Meet four of the industry’s best, BLD’s newest Diamonds

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bridging loan diamonds

A diamond isn’t all about sparkle. It is about transformation, the journey from carbon to collectors item, changing over time into something more than it started as. Bridging Loan Directory’s next four Diamonds have this transformative quality in abundance.

Meet four of the industry’s best, BLD’s newest Diamonds.

Michael Primrose, managing director, The Property Finance Collective

Michael Primrose The Property Finance Collective

Starting young in property finance can be difficult. Clients are often understandably reluctant to entrust their hard earned cash and development dreams to someone less experienced, using youth as a byword for incapable. It is a problem Michael Primrose knows only too well. “Being 22 at the point of entering the industry, it was very difficult to be taken seriously,” he remembers, “within the industry and with property developers as well”.

Michael, now owner of The Property Finance Collective and The Property Finance Academy, first got into the sector at the age of 18 when he started in conveyancing straight out of school, went into estate agency, back into conveyancing, before entering broking at the age of 22. Like thousands of younger workers trying to be taken seriously when they first start out, he couldn’t do anything about his age. But different to many others he also couldn’t afford to lose. At 22 Michael had just been made redundant from the estate agency at the worst possible time. “Our first child was on the way, so I had to find something relatively swiftly. I managed to get a role at a commercial brokerage, and rapidly realised I had found my dream career.”

Taking responsibility, stepping up to face a challenge, finding a solution. Those are Diamond traits any profession should welcome with open arms, regardless of how old the person is with them. But that isn’t always the case. Michael knew that from his entrance to property. Some may have waited to build up their years to make it easier to convince doubters before making another big leap. Not Michael. “Starting my own brokerage at 24 was also a challenge as again it was difficult to be taken seriously, and also get clients on board with me,” he says. Knowing something will be hard and doing it anyway is a test of character, which it seems clear Michael has passed, becoming (potentially, no-one really has the data on this) the youngest owner of a commercial finance brokerage in the country. Alongside that, he also has a successful training company, educating investors and developers on how to raise finance, and a successful podcast.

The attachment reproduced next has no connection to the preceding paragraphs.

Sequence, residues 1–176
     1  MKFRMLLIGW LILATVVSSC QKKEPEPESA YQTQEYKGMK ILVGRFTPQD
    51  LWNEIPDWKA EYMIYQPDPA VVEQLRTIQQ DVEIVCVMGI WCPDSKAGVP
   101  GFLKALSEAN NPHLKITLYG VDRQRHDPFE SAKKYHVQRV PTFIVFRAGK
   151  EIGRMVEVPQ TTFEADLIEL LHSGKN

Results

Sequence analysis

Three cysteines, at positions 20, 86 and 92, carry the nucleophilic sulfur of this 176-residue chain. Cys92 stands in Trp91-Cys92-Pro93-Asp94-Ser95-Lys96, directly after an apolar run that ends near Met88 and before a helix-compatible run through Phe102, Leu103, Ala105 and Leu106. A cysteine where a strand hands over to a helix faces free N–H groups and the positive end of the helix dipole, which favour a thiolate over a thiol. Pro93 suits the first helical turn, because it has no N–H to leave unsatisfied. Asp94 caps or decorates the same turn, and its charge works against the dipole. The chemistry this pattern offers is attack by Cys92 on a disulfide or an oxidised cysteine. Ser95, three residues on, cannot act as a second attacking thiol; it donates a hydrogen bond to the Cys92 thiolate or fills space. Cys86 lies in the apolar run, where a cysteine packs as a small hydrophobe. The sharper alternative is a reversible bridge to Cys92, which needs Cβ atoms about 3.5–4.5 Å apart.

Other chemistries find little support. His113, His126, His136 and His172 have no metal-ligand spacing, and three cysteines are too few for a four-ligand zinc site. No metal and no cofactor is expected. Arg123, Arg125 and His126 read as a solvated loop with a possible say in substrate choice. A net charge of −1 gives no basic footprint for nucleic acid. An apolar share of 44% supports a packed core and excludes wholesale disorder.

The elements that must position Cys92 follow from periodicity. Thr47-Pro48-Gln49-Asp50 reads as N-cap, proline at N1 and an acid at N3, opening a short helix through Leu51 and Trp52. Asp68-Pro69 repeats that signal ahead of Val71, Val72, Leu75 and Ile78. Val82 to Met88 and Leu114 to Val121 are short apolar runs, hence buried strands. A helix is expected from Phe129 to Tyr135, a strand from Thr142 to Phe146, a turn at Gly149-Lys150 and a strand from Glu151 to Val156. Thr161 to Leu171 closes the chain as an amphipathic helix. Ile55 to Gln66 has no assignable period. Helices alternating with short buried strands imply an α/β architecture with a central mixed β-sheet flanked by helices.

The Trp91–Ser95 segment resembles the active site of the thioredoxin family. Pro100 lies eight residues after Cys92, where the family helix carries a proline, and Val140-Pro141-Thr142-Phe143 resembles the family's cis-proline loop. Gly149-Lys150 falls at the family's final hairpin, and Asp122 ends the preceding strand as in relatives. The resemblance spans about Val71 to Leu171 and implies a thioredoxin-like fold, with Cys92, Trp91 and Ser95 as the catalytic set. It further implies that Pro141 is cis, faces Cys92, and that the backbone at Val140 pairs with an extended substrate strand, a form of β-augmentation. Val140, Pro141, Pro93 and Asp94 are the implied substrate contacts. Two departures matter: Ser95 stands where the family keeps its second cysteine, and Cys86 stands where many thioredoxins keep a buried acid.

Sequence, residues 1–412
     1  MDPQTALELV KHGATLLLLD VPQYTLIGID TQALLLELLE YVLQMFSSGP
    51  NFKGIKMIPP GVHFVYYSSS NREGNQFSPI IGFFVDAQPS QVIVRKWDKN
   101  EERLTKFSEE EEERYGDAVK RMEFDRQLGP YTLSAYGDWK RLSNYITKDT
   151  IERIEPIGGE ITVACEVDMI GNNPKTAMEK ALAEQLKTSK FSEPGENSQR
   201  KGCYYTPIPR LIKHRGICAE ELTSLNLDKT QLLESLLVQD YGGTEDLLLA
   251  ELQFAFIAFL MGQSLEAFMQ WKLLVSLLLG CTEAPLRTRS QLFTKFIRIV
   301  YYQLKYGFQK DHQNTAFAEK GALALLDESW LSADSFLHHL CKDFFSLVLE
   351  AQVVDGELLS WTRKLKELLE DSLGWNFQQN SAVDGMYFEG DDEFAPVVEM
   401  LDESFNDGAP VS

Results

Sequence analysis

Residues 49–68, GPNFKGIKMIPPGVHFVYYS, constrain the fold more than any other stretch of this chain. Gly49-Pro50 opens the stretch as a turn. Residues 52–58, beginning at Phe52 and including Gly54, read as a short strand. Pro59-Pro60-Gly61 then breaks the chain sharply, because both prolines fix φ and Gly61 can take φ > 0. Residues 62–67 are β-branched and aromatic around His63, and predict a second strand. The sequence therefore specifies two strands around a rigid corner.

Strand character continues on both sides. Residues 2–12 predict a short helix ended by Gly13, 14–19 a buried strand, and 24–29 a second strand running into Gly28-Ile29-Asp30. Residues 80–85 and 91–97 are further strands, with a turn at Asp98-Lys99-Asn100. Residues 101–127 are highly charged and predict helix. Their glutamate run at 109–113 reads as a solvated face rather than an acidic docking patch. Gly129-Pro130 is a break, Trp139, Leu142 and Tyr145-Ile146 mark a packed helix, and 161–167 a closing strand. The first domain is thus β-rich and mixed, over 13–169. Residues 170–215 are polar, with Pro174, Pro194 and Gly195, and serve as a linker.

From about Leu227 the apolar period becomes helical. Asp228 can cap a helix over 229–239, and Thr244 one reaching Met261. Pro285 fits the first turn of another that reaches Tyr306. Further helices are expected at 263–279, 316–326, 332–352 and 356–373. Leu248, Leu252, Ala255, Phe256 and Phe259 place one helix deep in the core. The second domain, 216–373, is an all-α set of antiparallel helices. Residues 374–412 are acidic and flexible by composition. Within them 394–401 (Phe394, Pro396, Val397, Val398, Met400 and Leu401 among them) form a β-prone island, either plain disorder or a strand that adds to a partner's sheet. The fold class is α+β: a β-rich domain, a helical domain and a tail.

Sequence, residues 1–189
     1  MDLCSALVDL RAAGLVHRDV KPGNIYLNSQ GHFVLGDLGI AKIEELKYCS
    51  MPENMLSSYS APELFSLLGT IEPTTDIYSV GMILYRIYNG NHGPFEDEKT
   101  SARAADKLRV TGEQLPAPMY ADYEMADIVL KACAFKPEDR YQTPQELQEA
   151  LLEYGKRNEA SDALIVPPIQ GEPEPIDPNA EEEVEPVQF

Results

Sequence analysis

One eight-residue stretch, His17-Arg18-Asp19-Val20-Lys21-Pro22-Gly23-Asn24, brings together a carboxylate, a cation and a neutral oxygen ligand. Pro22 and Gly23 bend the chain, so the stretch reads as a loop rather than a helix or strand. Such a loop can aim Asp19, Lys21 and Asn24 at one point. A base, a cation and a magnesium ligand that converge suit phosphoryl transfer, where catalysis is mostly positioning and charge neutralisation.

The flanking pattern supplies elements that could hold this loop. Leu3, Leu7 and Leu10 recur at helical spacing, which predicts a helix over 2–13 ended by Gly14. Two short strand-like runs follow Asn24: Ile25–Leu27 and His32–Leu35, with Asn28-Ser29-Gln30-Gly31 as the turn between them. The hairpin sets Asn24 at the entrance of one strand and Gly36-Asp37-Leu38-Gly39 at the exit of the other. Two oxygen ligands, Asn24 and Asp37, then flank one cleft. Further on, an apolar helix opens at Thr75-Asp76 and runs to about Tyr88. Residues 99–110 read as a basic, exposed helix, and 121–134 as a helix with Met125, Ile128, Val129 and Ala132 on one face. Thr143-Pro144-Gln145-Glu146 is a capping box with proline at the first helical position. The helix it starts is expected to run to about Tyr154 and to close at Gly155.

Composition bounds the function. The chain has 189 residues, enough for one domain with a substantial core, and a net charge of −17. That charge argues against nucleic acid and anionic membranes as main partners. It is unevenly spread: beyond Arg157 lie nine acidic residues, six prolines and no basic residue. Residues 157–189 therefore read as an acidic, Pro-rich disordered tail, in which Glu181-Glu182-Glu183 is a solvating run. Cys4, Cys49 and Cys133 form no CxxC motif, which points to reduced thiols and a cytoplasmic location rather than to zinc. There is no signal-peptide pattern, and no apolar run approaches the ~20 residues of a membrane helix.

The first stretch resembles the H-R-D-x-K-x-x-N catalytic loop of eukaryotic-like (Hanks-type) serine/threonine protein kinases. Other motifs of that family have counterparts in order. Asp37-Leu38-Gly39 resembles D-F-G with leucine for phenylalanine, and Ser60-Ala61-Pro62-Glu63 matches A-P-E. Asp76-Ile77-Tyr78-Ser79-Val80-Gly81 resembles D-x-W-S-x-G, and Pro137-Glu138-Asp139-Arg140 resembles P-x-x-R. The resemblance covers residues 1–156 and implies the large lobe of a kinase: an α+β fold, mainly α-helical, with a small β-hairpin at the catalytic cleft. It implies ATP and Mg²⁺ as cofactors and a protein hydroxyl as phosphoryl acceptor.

Preparation is everything. Having built the mindset the only way to succeed is to face down life’s obstacles head on is standing Michael in good stead now. “The single biggest challenge at the moment is the length of time transactions are taking,” he says, referring to the huge backlog of cases for lenders, brokers, solicitors and valuers are trying to work through. “It is creating an interesting market where speed really is the winner of cases at the moment. Clients are more bothered about speed than they are rates,” he says. In such an environment even the most experienced nerves can fray but he is taking it in his stride.

Closer to their age, Michael is arguably better placed to tell someone looking to enter the industry today how best to approach the move. His advice is a reflection of his own journey. “Make sure you understand that this is not an easy job. It is a genuine grind on a daily basis to push every single case through from inception to completion,” he says. However, as he adds, the rewards are extremely generous within the industry as well, if you are as good as he is.

Raazia Ibrahim, principal lawyer and head of commercial property, Linder Myers

Raazia Ibrahim

“Personable, always professional, an amazing solicitor,” is a pretty brilliant way to be described by your clients. Raazia Ibrahim is a Diamond problem solver – “I love solving complex legal problems and finding solutions” – in a time where it can often seem our list of obstacles, personal and in the sector, are never ending. “If we have an issue arise on a case she will work to find a solution so we can carry on,” her team says. In a world of critics and people seeking to tear others down, we need dynamic fixers more than ever.

Underlying this work ethic, however, is a realisation, that, in Raazia’s own words, “in this competitive profession, women feel they have to work harder in producing results to be recognised in comparison with their male counterparts”. The law, like property and finance, are changing for the better, but all three professions, especially in the senior ranks, remain dominated by older white men who act as gatekeepers to those trying to break in which can be harder for those who do not fit this mold. “I would say being heard and being recognised as an individual in my own right was probably the most difficult barrier to overcome,” says Raazia.